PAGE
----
prostitution, and in the next says that the act
was generally highly beneficial on tho public
health." The same paper says, in its issue for
December 27, 1873 : " This pitiTnl trifling with
tho fate of a whola people is far worse than ab-
"surd it is cruel and criminal. Upon those in
whoso hands is tho power to check this great
evil by promptly using the means" (tho law re
ferred to) "wiihin their control, rests a very
grave responsibility."
In Slay, when there was a pressnro on the
Slioistcr of the Interior to put the Act into op
eration, the same paper thought as follows :
Some urge that the present law should be again
put into operation, the late King having re
turned without his signature tho Act for its ro-
' peal. Hre caiinof support tho proposition.
" The voico or the people, expressed in tho very
'decided Legislative majority that voted to re
peal the law, is entitled to respect and consider-
" ation. Besides, the legislature adjourned with
out providing the means for carrying out the
law, and it therefore stands virtually suspended
"and inoperative nntil a succeeding Legislature
" shall vote the necessary supplies. One of the
' provisions of the law is to the effect that the
" funds for its execution shall, from time to time,
41 be appropriated by the Legislature. There be
" ing no sucfi appropriation, the Minister of the
" Interior wonld assume a grave responsibility
" were he now to put the law into operation."
So, whether the Minister enforces the law, or re
fuses to enforce it, for the very sound reasons set
forth by the Adrertiser, he assumes "a grave
responsibility." "Verily, it is hard, very hard in
deed, to adopt a policy to meet the Advertiser's
inconsistencies on the subject.
Our cotemporary goes on to say that " the ap
plication of similar laws in other countries is in
these days beginning to be fairly appreciated."
Against this assertion, we beg leavo to interpose
the following from the 2f. T. Nation, almost as
good authority : ' In France, too, the only coun
" try where the eocial evil lia3 for years been sub-
ject to efficient police regulation, it may fairly
" be donbtcd whether tho health of the popula
" tion has been improved. Ii still remains to be
u proved that medical examination affords any
"reasonable guarantee of impunity." In Great
Britain "A Contagious Diseases Act" is enforced
in localities where soldiers and sailors congregate,
but public opinion was so strong against the Act
that a royal commission appointed to consider the
Act recommended : " That the periodical exami
nation of the public women be discontinued," and
Parliament carried out this eoggestion in 1871.
It is sneeringly said that the sentiment op
posing this style of legislation is puritanical and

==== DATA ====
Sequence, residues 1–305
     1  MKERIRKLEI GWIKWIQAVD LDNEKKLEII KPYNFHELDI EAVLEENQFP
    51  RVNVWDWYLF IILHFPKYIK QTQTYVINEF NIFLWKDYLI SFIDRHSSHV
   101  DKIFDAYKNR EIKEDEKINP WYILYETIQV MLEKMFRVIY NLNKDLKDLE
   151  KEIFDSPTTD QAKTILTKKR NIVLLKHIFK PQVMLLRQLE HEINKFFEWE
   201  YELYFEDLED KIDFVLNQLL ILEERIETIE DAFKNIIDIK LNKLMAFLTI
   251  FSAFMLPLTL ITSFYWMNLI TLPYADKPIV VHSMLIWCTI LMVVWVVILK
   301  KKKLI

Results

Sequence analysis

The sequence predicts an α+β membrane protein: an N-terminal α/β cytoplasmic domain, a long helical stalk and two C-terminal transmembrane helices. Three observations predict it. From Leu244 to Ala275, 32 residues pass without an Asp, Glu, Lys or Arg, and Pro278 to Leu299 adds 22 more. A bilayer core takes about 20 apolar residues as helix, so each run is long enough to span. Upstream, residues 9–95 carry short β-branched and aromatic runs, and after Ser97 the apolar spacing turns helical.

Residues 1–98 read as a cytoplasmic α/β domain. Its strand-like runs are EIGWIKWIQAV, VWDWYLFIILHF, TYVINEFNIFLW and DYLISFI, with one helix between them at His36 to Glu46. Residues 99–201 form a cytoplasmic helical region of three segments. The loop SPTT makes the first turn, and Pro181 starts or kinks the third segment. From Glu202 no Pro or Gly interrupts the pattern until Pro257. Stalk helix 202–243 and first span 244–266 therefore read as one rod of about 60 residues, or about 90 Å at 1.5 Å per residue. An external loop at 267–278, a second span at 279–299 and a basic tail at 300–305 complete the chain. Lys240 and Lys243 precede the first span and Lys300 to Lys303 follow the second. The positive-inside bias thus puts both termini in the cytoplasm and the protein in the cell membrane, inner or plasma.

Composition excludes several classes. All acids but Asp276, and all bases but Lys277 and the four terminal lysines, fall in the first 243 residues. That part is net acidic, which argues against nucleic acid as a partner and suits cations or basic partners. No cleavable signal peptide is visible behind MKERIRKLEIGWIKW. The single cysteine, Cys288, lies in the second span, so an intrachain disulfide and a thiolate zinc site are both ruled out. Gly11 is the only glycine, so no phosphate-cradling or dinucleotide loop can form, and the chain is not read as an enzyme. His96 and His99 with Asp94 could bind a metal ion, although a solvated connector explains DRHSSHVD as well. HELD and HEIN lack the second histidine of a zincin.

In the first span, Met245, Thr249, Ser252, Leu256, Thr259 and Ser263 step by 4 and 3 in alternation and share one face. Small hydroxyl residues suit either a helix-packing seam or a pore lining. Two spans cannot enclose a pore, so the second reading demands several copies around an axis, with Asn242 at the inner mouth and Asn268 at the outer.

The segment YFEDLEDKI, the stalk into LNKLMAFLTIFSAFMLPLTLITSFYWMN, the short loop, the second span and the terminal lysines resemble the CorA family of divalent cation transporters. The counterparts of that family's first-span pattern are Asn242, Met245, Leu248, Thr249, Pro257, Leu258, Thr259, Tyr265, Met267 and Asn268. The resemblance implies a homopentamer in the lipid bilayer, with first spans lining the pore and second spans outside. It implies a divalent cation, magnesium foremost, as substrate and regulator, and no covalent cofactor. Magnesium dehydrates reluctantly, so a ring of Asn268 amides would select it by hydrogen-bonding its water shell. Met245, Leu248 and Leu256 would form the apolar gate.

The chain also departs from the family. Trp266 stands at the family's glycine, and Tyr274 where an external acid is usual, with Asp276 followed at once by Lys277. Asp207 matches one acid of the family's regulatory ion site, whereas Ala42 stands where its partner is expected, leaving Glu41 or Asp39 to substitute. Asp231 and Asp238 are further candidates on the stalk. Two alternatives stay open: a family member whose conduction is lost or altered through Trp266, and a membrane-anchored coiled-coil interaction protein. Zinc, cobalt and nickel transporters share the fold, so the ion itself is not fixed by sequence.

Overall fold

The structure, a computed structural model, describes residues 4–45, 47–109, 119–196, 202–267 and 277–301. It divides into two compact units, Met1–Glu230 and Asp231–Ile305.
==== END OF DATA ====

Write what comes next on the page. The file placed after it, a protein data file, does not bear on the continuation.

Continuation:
Pharisaical; but the late John Stuart Slill whom
none will be so wild as to call a Puritan, says :
" to provide securities against the consequences
of immoralities of any kind is no part of the busi
ness of government." The same authority, Mr.
Slill, says, " moreover, that it is the man, not the
woman, on whom the law should ba bronght to
IVoblc Sentiments.
In the native newspaper Kcokoa, we find a
letter from Sir. William B. Castle, dated Xew
York, December 8, 1873. Sir. 0. is a. stndent
nnd assistant in the law office of Wm. SI. Evarts,
tbo distinguished attorney who so ably argued
tho American case before the Geneva Board of
Arbitration. His letter refers to the political
questions which have lately been discussed here,
and after alluding to the interest which he has
taken in them, expresses his sentiments at con
siderable length. We extract a few paragraphs
to show bis views :
" Let mo say just where I stand "regarding
reciprocity. I am strongly in favor of it, be
cause I know it will be of great benefit to onr
nation, but I am opposed to giving np Hawaiian
territory But if it would bring reciprocity to
lease Puuloa to the United States while the
treaty lasts, I should favor that, with the clear
understanding that at the end of the treaty Pan
loa bo returned. I want that clearly understood.
But when tho great question of annexation to
the United States comes and the end of Hawaii
an independence, then I stand firm and strong
against annexation. I think lhat Hawaii's truest
interest is to remain independent and govern it
self. " Let ns see what the argument that reci
procity means annexation amounts to. The
United States and Canada for many years had
such a treaty, and is Canada to-day annexed to
tho United States ? Xo 1 It is to-day a free
and independent nation and strong, because it
had the great benefit of reciprocity so long. Has
the United States annexed any country with
which it has had treaties ? Xol and I defy any
body to show that this connlry ever used a treaty
to annex any other country. William 11. Seward,
when Secretary of State, bought Alaska of Rus
sia, and Congress confirmed the purchase so as
not to dishonor his act ; but the whole connlry
were so angry and made such loud murmurs that
no officer of this nation has ever dared to do
such a thing again. President Grant wanted
very much to get San Domingo, and some said.
'Why don't you do itt You are tho head of